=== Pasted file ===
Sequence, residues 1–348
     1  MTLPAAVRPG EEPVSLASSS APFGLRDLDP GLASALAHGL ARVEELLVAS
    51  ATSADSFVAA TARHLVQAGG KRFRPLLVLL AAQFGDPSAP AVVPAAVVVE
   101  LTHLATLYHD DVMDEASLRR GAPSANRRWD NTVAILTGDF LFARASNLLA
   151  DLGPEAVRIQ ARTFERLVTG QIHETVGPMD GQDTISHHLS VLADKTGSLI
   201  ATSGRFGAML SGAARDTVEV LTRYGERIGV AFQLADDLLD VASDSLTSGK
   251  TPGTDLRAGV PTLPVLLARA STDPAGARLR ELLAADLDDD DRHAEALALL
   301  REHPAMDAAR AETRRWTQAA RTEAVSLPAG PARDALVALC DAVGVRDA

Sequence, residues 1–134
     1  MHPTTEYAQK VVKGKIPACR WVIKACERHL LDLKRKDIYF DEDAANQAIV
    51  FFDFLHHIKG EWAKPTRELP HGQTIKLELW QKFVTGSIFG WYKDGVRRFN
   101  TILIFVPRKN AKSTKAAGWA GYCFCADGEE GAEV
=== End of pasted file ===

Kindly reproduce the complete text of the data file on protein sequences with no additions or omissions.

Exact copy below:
Sequence, residues 1–348
     1  MTLPAAVRPG EEPVSLASSS APFGLRDLDP GLASALAHGL ARVEELLVAS
    51  ATSADSFVAA TARHLVQAGG KRFRPLLVLL AAQFGDPSAP AVVPAAVVVE
   101  LTHLATLYHD DVMDEASLRR GAPSANRRWD NTVAILTGDF LFARASNLLA
   151  DLGPEAVRIQ ARTFERLVTG QIHETVGPMD GQDTISHHLS VLADKTGSLI
   201  ATSGRFGAML SGAARDTVEV LTRYGERIGV AFQLADDLLD VASDSLTSGK
   251  TPGTDLRAGV PTLPVLLARA STDPAGARLR ELLAADLDDD DRHAEALALL
   301  REHPAMDAAR AETRRWTQAA RTEAVSLPAG PARDALVALC DAVGVRDA

Sequence, residues 1–134
     1  MHPTTEYAQK VVKGKIPACR WVIKACERHL LDLKRKDIYF DEDAANQAIV
    51  FFDFLHHIKG EWAKPTRELP HGQTIKLELW QKFVTGSIFG WYKDGVRRFN
   101  TILIFVPRKN AKSTKAAGWA GYCFCADGEE GAEV